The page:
Exploring the benefits and challenges of digital outlets' surfacing local stories to a global audience.

 

Every journalist of the future will be dependent on technology and social media to tell and share their stories, whether they like it or not.

Gone are the days when readers read the news by solely picking up a newspaper on the way to work. In fact, chances are that we get our news from push notifications and Snap stories that we receive before getting out of bed every morning.

Newsrooms like the New York Times and Independent are investing more — if not all — of their time and resources in expanding their digital and social-led storytelling capabilities, and rightly so. Such investments have brought about fascinating new changes into the way stories are told and shared. Through swipes and taps on their devices, readers in London or New York can easily get real-time information on what’s happening in places like Rio de Janeiro or Aleppo.

One theme at HacksHackers London’s (HHLdn) October meetup was how journalists can use technology to make local stories available to a global audience. Two presenters that stood out in particular were CNN’s digital team and BBC Pop Up, a self-defined “mobile bureau” that crowdsources and reports stories at a “hyper-local” level.

Both CNN and BBC Pop Up rely heavily on digital tools and social media to tell and share their stories. CNN, for example, used Facebook Live to report a rally on Hong Kong’s Establishment Day, Kik to take readers on a walking tour of Rio de Janeiro during the 2016 Olympics and a bot to ask readers what they consider to be the next US president’s biggest foreign policy obstacle. BBC Pop Up, primarily makes videos ranging in length from Vine loops to long-form documentaries for TV, and share them on social media and their BBC.com live blog.

These outlets have devised incredibly innovative ways to use emerging technology and social media platforms to make underreported local reporting accessible to a global audience. In a time of  shrinking newsrooms and tightened budgets, having a team like BBC Pop Up — which consists of just a handful of people — that sources, reports, shoots, edits and social video stories— makes sense. (BBC Pop Up’s model, admittedly, does set a terrifyingly high bar for journalists who may interpret this portfolio of skills as a new job requirement for working in digital video.)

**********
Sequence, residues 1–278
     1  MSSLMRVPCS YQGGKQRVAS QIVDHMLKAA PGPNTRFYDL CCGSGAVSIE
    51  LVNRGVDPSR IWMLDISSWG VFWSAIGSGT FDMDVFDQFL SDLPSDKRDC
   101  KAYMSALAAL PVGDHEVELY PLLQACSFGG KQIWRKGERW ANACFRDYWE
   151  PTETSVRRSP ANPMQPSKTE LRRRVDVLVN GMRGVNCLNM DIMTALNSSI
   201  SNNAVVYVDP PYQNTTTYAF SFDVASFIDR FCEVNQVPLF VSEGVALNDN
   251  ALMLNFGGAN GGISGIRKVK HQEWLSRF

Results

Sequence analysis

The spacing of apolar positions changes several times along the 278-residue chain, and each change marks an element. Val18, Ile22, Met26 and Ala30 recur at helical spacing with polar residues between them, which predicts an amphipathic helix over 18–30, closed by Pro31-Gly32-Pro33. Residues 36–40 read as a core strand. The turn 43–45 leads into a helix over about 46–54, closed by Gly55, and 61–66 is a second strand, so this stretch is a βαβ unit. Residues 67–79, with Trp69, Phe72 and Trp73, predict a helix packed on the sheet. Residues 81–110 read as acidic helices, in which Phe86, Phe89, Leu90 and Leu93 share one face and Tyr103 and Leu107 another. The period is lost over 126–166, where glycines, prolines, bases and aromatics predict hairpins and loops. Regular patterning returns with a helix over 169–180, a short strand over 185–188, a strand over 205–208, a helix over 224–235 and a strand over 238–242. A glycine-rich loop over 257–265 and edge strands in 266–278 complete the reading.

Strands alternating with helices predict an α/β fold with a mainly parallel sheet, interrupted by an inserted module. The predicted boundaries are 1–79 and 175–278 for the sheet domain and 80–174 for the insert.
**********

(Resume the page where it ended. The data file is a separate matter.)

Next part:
Local reporting gone global or global reporting done locally?

One challenge that CNN and BBC Pop Up may face in its work, however, is how to make what they call their “local reporting”, truly local.

The idea of globalising local journalism — and journalists’ calling themselves mobile local reporters, as BBC Pop Up does — is unique and incredibly ambitious. BBC Pop Up does a great job at crowdsourcing ideas from locals at town hall meetings and callouts on social media. Their website has received thousands of story suggestions since it was established in 2014, per editor Benjamin Zand.

What I found odd, however, was the fact that the pop up bureau spends just four to five weeks in a given area.

Four to five weeks seems barely enough time for an intern to understand the layout of a new office, let alone for a group of journalists to understand and find balanced stories in a new community. Given the fact that BBC Pop Up does much of its news-gathering, reporting and editing on the ground, how can its journalists get to know the lay of the land — literally and figuratively — when there is limited time?

Peter Yeung, an interactive journalist at the London Times and former Interhacktive, also alluded to this issue in his analysis of BBC Pop Up on Medium:

By its very nomadic nature, BBC Pop Up has little capacity for super-users or influencers, nor indeed for languages, cultures, rules and practices to emerge.

These news-gathering and reporting practices sound dangerously similar to those of parachute journalism, where reporters go to an area already with a general idea of what they want to cover and meet a limited pool of people (contacts of contacts, as opposed to literally everyone). BBC Pop Up, as mentioned above, calls itself a champion of “hyperlocal” journalism.

Whatever the benefits and challenges that face digital-first outlets like CNN and BBC Pop Up, it will be interesting to see how new digital tools and social media trends influence the way we report the news in the future, particularly with the advent of virtual reality and 360 video.

Outlets like CNN and BBC Pop Up are ahead of the curve in the way that they tell and share stories online, and I’m excited to see what comes next in their innovative and experimental news-gathering and storytelling strategies.

Technology and social media are not spelling the end of journalism — as many people have feared — but are marking a beginning of a new era of it.

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